The best lubricant eye drop

Sian Babish

We place a lot of responsibility on our eyes, so it's no wonder they can feel fatigued, dry, or even gritty. Lubricant eye drops deliver a fast-acting solution that lets you experience moisturized relief. The drops are specially formulated to coat your eye and flush out debris and irritants. Best of all, they're a cost-effective way to manage your temporary and chronic eye conditions without a prescription.

To find a solution to dry, itchy eyes, read our buying guide on lubricant eye drops. Our recommendations include our top pick by Oasis, which offers single-use vials for convenience and contaminant-free application.

Considerations when choosing lubricant eye drops

What's in the formula?

Lubricant eye drops are made from complex formulas that aim to treat a range of conditions including dry eye, allergic irritation, fatigue, eye strain, and contamination. Here's an explanation on how each ingredient does its job in the formula:

Lubricants are the moistening agents of the drops, which are made of a variety of compounds unique to each brand.

Electrolytes are the expedited healers. They're also found in tears, so if you have dry eye, this ingredient helps recoat and replenish the surface.

Anti-redness ingredients relieve constricted blood vessels, which is what causes the unsightly look of bloodshot eyes.

Guar gum is a thickening agent. Often used in food and occasionally in makeup, it's what gives the drops an added layer of thickness to the base lubricant compounds.

Preservatives are what keep your drops from going bad, or worse, becoming toxic if they spoil. Preservatives can irritate sensitive eyes, in which case there are preservative-free formulas available.

When to seek medical attention

If your occasional use turns into long-term use, your eye condition has escalated. Even if the surface of your eye looks fine, more serious issues could be present.
If your lubricating eye drops begin to irritate your eyes, you could have an overexposure reaction that requires prescription strength drops to tone it down. Your doctor may recommend discontinuing use or switching to preservative-free drops.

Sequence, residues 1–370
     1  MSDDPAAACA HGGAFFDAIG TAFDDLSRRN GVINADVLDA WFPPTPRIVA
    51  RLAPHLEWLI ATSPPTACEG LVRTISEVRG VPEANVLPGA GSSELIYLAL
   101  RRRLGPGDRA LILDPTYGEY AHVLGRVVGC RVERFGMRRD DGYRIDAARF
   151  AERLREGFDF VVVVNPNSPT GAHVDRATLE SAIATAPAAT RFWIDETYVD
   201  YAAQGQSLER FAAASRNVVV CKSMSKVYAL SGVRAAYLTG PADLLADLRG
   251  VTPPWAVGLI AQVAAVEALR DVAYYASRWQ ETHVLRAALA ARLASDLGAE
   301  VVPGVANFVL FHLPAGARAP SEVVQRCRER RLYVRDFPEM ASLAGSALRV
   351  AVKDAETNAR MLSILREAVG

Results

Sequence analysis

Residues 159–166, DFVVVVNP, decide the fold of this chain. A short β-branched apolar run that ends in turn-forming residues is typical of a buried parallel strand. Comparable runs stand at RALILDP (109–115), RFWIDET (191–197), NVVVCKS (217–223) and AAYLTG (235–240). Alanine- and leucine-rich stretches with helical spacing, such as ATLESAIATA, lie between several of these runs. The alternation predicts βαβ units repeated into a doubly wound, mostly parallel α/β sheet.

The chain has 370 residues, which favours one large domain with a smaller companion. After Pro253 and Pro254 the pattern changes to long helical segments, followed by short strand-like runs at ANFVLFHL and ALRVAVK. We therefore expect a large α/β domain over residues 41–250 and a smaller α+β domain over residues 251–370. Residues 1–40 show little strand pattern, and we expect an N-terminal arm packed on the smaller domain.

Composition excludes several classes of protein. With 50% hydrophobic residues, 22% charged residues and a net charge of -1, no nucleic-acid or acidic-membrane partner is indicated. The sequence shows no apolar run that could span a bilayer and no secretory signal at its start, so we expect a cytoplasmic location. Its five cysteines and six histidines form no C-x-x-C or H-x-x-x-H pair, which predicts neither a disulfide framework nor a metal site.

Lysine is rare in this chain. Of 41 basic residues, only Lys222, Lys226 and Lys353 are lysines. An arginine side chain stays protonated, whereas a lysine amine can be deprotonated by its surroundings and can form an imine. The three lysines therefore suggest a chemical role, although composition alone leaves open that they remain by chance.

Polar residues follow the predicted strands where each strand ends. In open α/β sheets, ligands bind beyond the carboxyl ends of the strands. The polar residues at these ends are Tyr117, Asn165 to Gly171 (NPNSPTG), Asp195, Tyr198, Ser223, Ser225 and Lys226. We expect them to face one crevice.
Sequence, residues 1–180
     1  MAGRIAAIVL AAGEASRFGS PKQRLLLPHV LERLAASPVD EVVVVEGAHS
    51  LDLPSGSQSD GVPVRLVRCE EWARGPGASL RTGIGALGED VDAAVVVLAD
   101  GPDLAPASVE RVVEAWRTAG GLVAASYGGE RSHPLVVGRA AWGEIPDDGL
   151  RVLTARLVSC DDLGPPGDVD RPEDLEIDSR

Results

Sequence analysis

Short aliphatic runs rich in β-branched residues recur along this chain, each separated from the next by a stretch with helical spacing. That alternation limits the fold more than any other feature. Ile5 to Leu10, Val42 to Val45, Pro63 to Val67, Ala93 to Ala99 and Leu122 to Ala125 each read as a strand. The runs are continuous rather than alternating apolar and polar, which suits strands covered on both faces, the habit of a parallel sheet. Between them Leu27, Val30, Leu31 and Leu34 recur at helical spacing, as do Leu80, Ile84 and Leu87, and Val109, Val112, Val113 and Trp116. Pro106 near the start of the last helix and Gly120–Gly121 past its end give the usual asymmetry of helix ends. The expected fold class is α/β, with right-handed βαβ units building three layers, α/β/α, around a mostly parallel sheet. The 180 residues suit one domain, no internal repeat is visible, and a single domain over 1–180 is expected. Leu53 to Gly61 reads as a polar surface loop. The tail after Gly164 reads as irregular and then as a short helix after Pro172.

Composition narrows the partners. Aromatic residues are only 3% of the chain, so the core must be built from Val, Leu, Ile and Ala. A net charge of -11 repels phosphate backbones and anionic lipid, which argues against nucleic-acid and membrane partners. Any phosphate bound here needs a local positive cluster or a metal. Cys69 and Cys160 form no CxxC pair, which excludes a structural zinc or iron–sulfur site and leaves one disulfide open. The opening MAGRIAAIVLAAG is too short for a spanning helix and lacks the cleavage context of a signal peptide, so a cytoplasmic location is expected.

If you feel your condition has become unmanageable with over-the-counter drops, consult your doctor to seek alternative solutions. Drops might not solve the core issue, and your doctor may recommend other treatments or therapies.



Choosing the right consistency is based on the severity of your eye condition. If you suffer from extremely dry eyes, opt for thicker drops that are long-lasting. For an occasional or isolated issue, thinner solutions close to the viscosity of water are better -- especially if you're not used to using drops.

Application style

The most common application style of lubricant eye drops is the basic dropper bottle. You need to remove the cap and squeeze droplets into your eye each time. If you're concerned about losing the cap or the bulkiness of the bottle, there are single-use vials available.

Blurry vision

Whether your drops are thick or thin, there's an initial period of blurriness following applications. Thicker formulas are intended to stay heavy and coat your eye for several minutes at a time, whereas the blurriness in thinner formulas disappears in as quickly as a few seconds.

Preservative-free drops

If you use eye drops frequently, the preservatives in some drops can cause a reaction. Preservative-free formulas are available, but the downside is they have expiration dates. If you're planning on making the switch to a preservative-free product, only buy amounts you'll use before the expiration date.

Lubricant eye drops prices

Expect to spend between $5 and $30 per package of lubricant eye drops. There are drops available in a dropper or in individual vials, so to get a true sense of the value, look at the ounces and see how they compare across the board.


Q. Can I use lubricant eye drops with my contact lenses?

A.  No. They'll probably stick to your lenses and blur your vision. Instead, you need drops that are designed thin enough for use while wearing lenses.

Q. How far away should the dropper be from my eye during application?

A. You can get pretty close to your eye, although you want to avoid direct contact with the tip so it doesn't get contaminated.

Lubricant eye drops we recommend

Best of the best: Oasis Tears Lubricant Eye Drops

Our take: Ideal formula and application for sensitive and irritated eyes.

What we like: High degree of sterility. Keeps eyes lubricated longer than other formulas.

What we dislike: Can feel too thick and uncomfortable for some.

Best bang for your buck: TheraTears Eye Drops for Dry Eyes

Our take: Lightweight formula that is barely noticeable while they work.

What we like: Thin consistency that is more watery than viscous which soothes without the stickiness or heaviness of other formulas.

What we dislike: Some people may have reactions to the formula.

Choice 3: Systane Ultra Lubricant Eye Drops

Our take: Gentle yet reliable lubricant drops that moisturize without distracting your vision.

What we like: Fast-acting and effective. Well-liked by mascara wearers as they don't cause running makeup.

What we dislike: Are not great if you're looking for a topical formula to relieve redness.

Sian Babish is a writer for BestReviews. BestReviews is a product review company with a singular mission: to help simplify your purchasing decisions and save you time and money. BestReviews never accepts free products from manufacturers and purchases every product it reviews with its own funds.

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